Ten Tips for Flying With Baby

by Lara on April 1, 2013

I am about to claim expertise on something I have only actually done a few times.  You know, like a real blogger.

Ten Tips for Flying With Baby

I’ve flown with G on three round-trip flights now.  Two were on my own.  One was a 7-hour flight.  The 7-hour flight…I can’t lie.  We were scared.  G is seven months old and a fairly active, high-needs, imperfect baby.  We had visions of him screaming the entire time.  We were prepared to walk the aisles and sing songs and buy everyone in our cabin a cocktail.  But somehow we made it through with smiles on our faces and no free peanuts thrown at us.  Here’s how we did it.

  1. Dress accordingly.  Back pockets are crucial.  Put your ID and boarding pass in one and other items you’re addicted to (*cough* cell phone) in the other.  Wear shoes that can easily be taken on and off.  If you’re breastfeeding, you might want an extra tank-top layer if you have to lift your shirt.  Otherwise wear a button-up or V-neck.  And pull your hair back; this is serious business.
  2. Bring a carrier and wear baby until departure.  I’ll get to the car seat in a minute, but I found the hands-down easiest way to get through the airport is with baby in a carrier.  That means from the time you get out of the car, to check in, through security (you can wear baby though security but will have to have your hands screened), to your gate, until you have boarded.  Both of my carriers have buckles and I had to take G out for takeoff.  I have heard a rumor they do not make you take baby out of a sling, but I am not sure if this is true.  This post discusses the two carriers we love.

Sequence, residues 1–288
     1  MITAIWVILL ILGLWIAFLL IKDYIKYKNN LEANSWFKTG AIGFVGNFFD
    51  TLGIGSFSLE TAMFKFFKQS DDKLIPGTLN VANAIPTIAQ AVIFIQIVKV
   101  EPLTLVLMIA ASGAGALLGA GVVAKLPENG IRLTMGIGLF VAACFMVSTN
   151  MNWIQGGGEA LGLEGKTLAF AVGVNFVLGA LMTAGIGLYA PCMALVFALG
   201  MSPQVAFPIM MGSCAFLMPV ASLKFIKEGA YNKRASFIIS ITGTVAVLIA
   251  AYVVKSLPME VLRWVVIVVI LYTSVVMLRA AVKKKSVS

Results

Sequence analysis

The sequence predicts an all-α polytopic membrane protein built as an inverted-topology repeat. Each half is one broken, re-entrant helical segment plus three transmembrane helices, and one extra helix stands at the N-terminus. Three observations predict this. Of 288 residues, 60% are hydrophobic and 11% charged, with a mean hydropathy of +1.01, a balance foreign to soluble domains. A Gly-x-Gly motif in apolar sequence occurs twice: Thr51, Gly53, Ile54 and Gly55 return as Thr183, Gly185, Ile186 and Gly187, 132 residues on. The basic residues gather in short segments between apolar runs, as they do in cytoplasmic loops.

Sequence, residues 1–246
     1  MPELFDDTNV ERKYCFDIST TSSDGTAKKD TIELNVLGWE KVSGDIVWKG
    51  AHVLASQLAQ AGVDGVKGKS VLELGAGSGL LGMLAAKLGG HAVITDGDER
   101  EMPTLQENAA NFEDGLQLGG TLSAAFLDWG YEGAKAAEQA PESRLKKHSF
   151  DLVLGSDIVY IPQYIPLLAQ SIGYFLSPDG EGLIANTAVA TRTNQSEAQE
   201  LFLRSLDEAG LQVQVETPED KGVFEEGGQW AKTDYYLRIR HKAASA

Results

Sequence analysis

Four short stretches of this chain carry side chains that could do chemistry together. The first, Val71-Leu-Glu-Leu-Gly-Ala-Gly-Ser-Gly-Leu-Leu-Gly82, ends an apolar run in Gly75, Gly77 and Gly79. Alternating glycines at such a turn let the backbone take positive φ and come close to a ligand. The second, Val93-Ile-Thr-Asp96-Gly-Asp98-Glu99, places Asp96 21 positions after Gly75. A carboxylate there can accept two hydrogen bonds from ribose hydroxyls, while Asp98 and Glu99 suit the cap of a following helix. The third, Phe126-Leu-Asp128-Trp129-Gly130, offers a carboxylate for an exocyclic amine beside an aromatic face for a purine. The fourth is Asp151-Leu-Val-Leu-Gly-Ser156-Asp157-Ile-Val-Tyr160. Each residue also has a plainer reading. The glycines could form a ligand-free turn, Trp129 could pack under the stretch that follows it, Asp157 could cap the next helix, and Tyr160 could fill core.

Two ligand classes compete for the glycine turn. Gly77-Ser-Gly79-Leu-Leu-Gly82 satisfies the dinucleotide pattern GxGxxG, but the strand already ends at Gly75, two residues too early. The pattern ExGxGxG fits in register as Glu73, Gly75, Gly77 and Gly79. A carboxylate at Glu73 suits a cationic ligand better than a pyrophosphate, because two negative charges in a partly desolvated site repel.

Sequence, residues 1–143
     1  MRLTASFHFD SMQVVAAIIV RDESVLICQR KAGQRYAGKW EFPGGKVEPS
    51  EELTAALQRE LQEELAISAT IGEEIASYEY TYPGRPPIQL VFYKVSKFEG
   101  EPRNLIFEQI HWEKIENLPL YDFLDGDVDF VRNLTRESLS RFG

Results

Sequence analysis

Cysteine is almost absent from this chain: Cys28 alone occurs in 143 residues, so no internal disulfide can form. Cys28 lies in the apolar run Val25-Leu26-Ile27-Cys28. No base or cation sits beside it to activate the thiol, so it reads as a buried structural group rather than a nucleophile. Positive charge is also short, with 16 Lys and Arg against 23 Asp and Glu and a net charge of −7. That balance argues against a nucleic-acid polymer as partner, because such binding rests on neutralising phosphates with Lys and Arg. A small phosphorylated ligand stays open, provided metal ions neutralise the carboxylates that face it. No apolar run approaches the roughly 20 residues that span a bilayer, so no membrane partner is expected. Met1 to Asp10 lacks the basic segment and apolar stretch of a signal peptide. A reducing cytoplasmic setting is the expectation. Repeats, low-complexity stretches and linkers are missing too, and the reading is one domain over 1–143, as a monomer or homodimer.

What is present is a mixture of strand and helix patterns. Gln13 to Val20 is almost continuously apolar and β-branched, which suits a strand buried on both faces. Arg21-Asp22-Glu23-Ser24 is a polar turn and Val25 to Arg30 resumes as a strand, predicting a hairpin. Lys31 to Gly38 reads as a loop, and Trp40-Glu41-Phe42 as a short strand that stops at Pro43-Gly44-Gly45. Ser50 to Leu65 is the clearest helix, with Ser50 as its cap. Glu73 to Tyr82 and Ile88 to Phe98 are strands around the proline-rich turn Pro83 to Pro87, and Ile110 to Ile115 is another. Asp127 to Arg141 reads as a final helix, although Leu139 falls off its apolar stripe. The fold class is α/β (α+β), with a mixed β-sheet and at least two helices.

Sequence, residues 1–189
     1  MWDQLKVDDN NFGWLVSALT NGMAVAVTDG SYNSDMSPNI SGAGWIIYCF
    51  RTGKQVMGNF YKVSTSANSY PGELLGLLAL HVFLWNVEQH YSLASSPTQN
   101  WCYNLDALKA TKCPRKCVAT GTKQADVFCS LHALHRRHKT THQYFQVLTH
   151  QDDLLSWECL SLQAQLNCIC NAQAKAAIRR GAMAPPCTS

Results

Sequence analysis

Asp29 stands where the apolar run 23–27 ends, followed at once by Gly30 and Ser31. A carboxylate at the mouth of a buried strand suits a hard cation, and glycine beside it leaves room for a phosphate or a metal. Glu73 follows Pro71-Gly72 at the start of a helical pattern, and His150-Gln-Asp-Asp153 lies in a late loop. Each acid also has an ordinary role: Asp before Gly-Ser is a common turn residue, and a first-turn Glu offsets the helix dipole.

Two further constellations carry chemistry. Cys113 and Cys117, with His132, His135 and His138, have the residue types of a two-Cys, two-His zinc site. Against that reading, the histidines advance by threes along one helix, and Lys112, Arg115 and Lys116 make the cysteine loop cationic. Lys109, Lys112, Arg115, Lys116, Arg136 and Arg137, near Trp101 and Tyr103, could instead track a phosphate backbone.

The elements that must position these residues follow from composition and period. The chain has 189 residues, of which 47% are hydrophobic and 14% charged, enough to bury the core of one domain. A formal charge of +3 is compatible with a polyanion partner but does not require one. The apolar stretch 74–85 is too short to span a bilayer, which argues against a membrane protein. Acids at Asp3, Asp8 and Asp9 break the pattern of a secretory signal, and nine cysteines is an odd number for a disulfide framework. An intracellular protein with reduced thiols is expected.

3. Check the car seat at the gate (assuming you are flying with baby as a lap child):  There are two reasons for this.  One, this reduces the likelihood that your car seat will get stolen or damaged.  I have friends who checked it with their luggage and experienced both.  Two, if it’s not a full flight, they’ll usually let you bring the car seat to your seat.  This gives you the option to buckle baby in (it’s safer than on your lap!), or can potentially be used a place for baby to sleep during the flight.
  4. Board early…or don’t.  G is at the age where it worked for us to take advantage of the early family boarding.  It allowed us time to find our seat, unpack, and settle in without feeling rushed.  For an older baby or toddler, I think it may actually be better to board at the last possible minute, in order to reduce the amount of time spent in that tiny space.
  5. Feed on take-off and landing.  This is widely advised, and I was skeptical.  But it worked.  Getting them to swallow helps their ears adjust to the pressure changes due to the altitude.  
  6. Feed on demand.  I believe in doing this anyway, but I think it’s especially helpful during a flight.  Even if it doesn’t seem like your baby’s usual pattern, if they’re “asking” to eat, feed them.  You don’t know what might be going on with their tummies or ears, and if they’re nursing they could just be thirsty.  This leads me to my next point…
  7. Throw out the schedule.  I realize for a lot of people (including me), this is hard.  But travel demands so much that I think everyone is better off if you’re not stressed out about adhering to your usual routine.  This is especially true if you’re dealing with a time change.  When we traveled, from the time we left for the airport to the morning after we arrived, I quit worrying about when G would or should eat or sleep next.  I let him figure it out, tried to read his signals, and was pleasantly surprised with how well it worked.